> Paul writes:
>
> > Because the total social product is a flow per unit time. If expressed
> > in money it must be measured over a time interval.
>
> Alan replies:
>
> But anything that exists as a flow, also exists as a stock.
>
> At any time, we can identify quite determinately and indeed, physically,
> everything that is being offered for sale. It's a perfectly definite thing,
> as is its monetary measure.
>
The problem is that the ratio of stock to flow varies widely betweendifferent
products. About a mile from here there is a large ship being
constructed by Kavaerner in Govan for Sea Launchers. The ship has been
under construction for over a year. Just down the road there is a bakery
selling scones which were baked last night.
If we were to follow your procedure and add up the stock of goods for
sale in the country we would be adding the ship( or its labour content)
to the scones (or their labour content). If we expressed this as a daily
product
we would overvalue the ships contribution. If we expressed it as a bi-yearly
product we would undervalue the scones contribution.
The only stock figure that is meaningful is the number of workers employed
at each enterprise, since only this has the right dimension.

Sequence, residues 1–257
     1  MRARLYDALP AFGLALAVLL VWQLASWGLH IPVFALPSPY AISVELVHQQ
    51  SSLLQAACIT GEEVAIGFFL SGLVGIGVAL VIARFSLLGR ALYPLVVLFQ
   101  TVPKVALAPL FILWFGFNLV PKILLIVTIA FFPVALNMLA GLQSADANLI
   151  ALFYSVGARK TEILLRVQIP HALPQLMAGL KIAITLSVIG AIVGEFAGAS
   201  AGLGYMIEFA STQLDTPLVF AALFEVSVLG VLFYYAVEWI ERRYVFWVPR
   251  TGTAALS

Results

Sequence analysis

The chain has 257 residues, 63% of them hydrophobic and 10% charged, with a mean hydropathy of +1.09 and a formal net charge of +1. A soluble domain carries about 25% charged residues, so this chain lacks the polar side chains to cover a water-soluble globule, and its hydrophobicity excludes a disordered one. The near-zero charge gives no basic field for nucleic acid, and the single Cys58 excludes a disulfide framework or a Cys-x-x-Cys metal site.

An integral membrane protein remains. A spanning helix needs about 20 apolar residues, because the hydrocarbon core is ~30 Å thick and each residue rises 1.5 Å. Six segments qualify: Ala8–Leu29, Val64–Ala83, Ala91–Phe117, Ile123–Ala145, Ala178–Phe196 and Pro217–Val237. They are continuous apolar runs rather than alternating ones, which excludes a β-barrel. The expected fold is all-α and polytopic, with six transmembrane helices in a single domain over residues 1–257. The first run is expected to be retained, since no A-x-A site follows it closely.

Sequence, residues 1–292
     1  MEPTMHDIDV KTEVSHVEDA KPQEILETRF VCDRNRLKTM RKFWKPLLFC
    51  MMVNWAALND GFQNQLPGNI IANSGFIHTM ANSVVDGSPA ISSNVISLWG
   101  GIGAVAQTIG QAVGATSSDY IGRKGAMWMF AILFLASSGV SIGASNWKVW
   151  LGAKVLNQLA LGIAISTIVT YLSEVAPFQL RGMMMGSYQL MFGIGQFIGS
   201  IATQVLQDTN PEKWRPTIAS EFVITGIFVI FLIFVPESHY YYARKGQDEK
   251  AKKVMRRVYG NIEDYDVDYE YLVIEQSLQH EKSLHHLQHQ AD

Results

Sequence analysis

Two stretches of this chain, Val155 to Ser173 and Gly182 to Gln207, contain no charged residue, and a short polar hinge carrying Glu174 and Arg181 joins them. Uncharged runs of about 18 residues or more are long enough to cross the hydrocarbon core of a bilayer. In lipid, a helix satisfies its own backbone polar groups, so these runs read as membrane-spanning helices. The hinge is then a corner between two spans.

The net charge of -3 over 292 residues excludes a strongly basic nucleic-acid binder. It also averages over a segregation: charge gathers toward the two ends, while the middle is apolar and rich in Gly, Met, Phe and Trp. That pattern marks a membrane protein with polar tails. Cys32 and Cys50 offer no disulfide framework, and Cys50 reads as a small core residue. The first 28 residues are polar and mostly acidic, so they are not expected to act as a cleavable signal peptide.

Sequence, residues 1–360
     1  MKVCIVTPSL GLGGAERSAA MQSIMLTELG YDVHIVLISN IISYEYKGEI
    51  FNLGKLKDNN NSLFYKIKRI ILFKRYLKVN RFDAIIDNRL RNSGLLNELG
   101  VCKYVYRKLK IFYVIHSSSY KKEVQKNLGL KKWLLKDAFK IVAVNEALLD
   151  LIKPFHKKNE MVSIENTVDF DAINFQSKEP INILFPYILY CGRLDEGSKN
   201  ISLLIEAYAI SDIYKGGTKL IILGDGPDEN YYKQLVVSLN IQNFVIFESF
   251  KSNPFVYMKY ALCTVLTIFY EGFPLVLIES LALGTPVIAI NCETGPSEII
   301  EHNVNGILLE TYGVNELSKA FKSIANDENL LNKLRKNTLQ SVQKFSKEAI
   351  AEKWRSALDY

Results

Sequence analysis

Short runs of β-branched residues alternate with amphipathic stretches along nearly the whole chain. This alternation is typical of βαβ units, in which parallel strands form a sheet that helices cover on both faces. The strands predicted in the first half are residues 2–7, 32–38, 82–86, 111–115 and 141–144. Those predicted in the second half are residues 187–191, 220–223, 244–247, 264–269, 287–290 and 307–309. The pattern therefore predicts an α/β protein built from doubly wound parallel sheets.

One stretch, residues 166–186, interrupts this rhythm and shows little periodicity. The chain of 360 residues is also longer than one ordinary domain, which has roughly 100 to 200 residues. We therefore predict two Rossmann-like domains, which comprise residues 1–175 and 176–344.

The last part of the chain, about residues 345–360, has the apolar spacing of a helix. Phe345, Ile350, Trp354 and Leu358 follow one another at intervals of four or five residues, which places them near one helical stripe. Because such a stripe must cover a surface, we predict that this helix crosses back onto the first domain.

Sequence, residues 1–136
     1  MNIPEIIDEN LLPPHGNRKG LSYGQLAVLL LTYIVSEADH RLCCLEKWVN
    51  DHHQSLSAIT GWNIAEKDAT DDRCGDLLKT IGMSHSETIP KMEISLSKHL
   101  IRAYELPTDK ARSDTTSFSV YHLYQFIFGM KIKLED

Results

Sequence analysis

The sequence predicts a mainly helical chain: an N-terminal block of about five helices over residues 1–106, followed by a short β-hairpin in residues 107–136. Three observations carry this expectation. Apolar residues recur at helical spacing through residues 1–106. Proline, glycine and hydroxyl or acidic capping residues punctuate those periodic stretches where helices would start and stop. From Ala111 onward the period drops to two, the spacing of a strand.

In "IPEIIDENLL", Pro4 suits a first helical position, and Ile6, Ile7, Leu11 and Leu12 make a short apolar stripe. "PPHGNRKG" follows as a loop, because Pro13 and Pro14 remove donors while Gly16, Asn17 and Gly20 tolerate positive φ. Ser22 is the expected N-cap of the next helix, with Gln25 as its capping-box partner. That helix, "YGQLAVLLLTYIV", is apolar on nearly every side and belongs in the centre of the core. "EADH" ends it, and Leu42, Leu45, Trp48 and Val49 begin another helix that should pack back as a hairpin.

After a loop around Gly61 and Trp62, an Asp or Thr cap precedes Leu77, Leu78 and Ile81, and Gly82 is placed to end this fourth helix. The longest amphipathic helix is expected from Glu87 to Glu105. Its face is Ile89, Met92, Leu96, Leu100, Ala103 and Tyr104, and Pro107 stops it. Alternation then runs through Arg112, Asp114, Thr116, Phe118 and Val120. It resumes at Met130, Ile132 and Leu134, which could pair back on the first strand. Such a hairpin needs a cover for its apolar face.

We want to measure the social value product, whose dimension is value per
unit time v/t : say value per annum. Value itself has dimension
person hours = persons times hours,
pt, thus the social value product has dimension pt/t = p = persons, allowing
for
some scalar to adjust for the number of working hours per year.
In looking at value we are just looking, in another way, at the static division
of
labour in society. Value relations are the relations between people in
the division of labour. In commodity producing society these take on
the fetishised form of relations between things, but dimensional analysis
strips this illusion away.
It is an illusion, strictly speaking commodity fetishism, to think that one can
derive the value product by adding up a number of things rather than adding
up a number of people.
> I agree that we can also identify the flows into this product per unit
> time. And the flows out of it.
>
> Its size at any moment is the time-integral of the difference between these
> two flows, plus a constant of integration which is its stock at any
> definite starting point.
>
> In like manner, if we have a tub of water being filled by a tap, and
> emptied by a plughole, then there are flows of water in and out of the tub.
>
> The fact that the water is flowing does not negate the existence of a
> definite water level at every definite point in time.
>
> Alan